It was a cold day.
I overslept. I wasn’t late for class, but I had to forgo my shower. I felt like hell. It’s chemical. I’m a pretty classic case of manic-depression.
It’s dark. There’s lots of positive things going on. People seem to be giving me compliments that I don’t feel I deserve. I’ve received e-mails from people I haven’t heard from in a long while, saying that they miss me. My ex-wife tells me that I can’t handle success. She says I shoot myself in the foot every time things start to look good. Someone cast a spell on me. But it’s not working. I still feel horrible. But there’s no reason for it. It’s chemical.
Sleep sounds good, but I know if I lay down I won’t be able to stop thinking. William Styron got it right in his book, Darkness Visible. It’s like noise. I struggle to find ways to cut through the noise. Studying complex things helps. I bought three more books today, a Cambridge textbook on discourse pragmatics, a philosophy book on the Sophists, and Kurt Vonnegut’s latest book of short stories. Bad chemicals. Vonnegut knows a lot about that.
I need to finish the entry on Pennebaker’s book. I need to write an essay for a class on Monday. But all I can think about is an essay, or a blog entry, that I want to write about switch plates and outlet covers. It’s hard to explain; it’s just one of those ghosts of incomplete experiences. Maybe tomorrow. Tonight, I think I’ll just watch a newly downloaded copy of Barbarella. I think I’ll just roll around in the noise for a while. I know it will lift.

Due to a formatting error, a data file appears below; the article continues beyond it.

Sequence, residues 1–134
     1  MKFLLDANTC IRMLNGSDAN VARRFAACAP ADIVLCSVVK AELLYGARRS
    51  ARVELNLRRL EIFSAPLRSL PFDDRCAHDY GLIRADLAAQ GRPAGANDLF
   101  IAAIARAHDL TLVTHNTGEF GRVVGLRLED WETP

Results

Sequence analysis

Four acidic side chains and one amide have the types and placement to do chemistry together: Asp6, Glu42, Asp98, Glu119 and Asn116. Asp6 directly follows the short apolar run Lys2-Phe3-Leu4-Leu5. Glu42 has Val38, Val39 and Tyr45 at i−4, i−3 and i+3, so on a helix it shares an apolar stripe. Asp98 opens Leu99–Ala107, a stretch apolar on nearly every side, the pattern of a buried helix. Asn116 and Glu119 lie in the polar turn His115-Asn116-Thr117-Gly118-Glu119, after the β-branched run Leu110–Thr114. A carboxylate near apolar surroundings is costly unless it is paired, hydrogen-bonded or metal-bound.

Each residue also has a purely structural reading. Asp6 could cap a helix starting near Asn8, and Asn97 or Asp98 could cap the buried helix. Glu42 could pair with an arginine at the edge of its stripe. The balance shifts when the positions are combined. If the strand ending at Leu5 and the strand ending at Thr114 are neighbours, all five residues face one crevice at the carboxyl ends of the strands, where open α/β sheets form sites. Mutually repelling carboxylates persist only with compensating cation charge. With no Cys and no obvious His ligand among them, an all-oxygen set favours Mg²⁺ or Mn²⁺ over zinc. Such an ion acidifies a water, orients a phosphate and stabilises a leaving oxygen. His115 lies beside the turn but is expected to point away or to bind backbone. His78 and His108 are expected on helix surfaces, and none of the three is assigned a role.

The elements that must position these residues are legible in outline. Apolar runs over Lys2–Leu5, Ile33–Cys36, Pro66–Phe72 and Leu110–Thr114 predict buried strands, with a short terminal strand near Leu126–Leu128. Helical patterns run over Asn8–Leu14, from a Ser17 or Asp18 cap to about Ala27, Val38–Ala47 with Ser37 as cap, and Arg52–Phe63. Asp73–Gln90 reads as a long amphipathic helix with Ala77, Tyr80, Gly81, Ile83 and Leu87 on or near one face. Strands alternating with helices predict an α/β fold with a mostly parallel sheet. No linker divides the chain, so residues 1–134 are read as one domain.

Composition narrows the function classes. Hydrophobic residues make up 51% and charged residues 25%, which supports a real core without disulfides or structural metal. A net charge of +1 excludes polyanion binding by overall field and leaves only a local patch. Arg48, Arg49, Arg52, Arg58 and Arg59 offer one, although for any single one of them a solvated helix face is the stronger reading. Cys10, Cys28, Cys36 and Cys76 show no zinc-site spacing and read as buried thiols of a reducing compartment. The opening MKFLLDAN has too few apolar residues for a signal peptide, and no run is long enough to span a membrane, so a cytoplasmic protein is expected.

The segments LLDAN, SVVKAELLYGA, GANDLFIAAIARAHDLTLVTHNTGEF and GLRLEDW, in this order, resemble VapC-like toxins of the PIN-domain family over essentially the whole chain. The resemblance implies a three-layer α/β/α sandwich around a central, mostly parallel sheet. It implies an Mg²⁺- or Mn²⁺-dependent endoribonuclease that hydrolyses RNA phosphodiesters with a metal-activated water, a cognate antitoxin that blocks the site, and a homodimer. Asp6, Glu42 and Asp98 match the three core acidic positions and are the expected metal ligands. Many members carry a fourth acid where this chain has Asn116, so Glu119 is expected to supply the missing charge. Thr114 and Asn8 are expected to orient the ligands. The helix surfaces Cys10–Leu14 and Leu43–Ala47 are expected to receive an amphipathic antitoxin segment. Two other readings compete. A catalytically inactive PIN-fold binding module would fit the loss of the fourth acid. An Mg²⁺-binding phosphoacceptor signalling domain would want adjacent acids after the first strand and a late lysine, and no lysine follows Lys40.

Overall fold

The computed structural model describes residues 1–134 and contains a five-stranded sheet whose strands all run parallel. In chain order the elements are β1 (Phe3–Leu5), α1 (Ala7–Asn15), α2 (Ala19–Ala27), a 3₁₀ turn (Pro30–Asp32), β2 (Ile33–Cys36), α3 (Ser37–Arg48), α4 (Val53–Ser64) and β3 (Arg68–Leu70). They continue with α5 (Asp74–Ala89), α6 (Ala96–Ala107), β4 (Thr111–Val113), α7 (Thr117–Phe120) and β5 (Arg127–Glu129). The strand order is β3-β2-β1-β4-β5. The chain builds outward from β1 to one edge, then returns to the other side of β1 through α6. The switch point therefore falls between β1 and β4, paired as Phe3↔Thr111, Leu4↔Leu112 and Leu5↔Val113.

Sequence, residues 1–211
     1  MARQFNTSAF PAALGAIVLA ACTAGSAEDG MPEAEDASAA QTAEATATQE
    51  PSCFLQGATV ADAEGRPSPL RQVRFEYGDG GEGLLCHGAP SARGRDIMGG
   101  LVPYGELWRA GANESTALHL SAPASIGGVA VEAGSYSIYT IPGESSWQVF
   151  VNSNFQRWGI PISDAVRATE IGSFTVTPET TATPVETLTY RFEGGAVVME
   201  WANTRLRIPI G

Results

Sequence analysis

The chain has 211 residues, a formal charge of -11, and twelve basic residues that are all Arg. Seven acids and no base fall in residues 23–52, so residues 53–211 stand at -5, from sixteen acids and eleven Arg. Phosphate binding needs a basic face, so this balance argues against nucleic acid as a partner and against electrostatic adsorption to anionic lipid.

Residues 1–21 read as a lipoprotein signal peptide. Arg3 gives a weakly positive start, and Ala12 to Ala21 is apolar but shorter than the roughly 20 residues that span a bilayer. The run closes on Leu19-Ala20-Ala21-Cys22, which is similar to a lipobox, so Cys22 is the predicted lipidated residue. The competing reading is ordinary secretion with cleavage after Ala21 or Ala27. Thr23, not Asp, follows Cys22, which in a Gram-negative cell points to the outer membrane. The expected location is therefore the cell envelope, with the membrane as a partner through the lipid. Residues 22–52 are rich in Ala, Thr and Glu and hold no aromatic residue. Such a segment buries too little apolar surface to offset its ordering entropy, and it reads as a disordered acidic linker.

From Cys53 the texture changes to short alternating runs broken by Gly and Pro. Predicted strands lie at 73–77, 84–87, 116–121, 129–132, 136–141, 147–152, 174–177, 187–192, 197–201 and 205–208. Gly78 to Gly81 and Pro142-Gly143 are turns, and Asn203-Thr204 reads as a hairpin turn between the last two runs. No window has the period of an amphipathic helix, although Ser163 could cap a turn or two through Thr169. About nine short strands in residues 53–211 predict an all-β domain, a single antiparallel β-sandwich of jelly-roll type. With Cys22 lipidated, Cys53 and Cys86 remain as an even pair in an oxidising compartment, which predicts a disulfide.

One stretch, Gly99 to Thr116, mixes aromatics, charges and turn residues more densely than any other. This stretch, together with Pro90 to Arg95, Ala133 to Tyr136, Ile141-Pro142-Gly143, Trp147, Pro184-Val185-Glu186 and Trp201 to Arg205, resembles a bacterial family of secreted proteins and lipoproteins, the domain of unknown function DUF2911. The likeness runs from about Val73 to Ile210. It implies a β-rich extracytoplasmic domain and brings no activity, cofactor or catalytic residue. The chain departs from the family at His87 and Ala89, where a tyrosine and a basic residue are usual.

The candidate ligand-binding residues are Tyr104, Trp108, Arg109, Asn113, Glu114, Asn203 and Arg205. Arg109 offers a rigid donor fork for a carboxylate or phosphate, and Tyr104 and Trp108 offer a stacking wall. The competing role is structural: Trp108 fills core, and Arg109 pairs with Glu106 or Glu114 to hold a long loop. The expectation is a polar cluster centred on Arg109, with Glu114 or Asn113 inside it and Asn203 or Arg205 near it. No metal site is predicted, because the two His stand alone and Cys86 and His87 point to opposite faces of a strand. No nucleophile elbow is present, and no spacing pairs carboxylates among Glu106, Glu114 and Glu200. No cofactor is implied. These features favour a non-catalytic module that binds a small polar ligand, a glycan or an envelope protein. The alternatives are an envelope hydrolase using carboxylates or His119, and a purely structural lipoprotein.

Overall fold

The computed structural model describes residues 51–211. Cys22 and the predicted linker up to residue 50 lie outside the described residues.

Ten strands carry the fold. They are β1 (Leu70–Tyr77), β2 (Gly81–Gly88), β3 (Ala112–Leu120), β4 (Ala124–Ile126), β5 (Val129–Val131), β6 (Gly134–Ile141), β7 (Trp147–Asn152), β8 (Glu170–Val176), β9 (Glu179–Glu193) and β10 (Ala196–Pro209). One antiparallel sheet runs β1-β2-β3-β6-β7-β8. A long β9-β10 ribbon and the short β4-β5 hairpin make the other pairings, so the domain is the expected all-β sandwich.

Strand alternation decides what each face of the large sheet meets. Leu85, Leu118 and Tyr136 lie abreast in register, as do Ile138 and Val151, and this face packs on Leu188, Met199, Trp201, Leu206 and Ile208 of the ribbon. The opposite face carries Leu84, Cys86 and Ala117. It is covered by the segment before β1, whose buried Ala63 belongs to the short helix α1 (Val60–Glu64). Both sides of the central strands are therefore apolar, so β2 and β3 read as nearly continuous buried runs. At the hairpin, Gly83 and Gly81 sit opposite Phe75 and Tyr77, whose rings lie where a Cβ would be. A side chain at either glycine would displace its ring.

I appreciate the comments from new readers lately. I’m sorry I’m not more entertaining right now. It’s chemical. It will change, it always does. I know myself pretty well. I surf a chemical roller-coaster; I’ve done it all my life. But when things are good, they are damn good. That’s why I learn to live with the noise, and skip the chemical levelers.
At the bottom of every hill there are old lovers. Reading “Lovers Anonymous” by Vonnegut, I laughed when he described a club made up of guys in love with the same woman, Sheila Hinkley, that was formed when she married another man. Old lovers become emblems, but lose their urgency. I like the way Vonnegut describes it:
“Sheila Hinkley is now a spare whitewall tire on the Thunderbird of my dreams”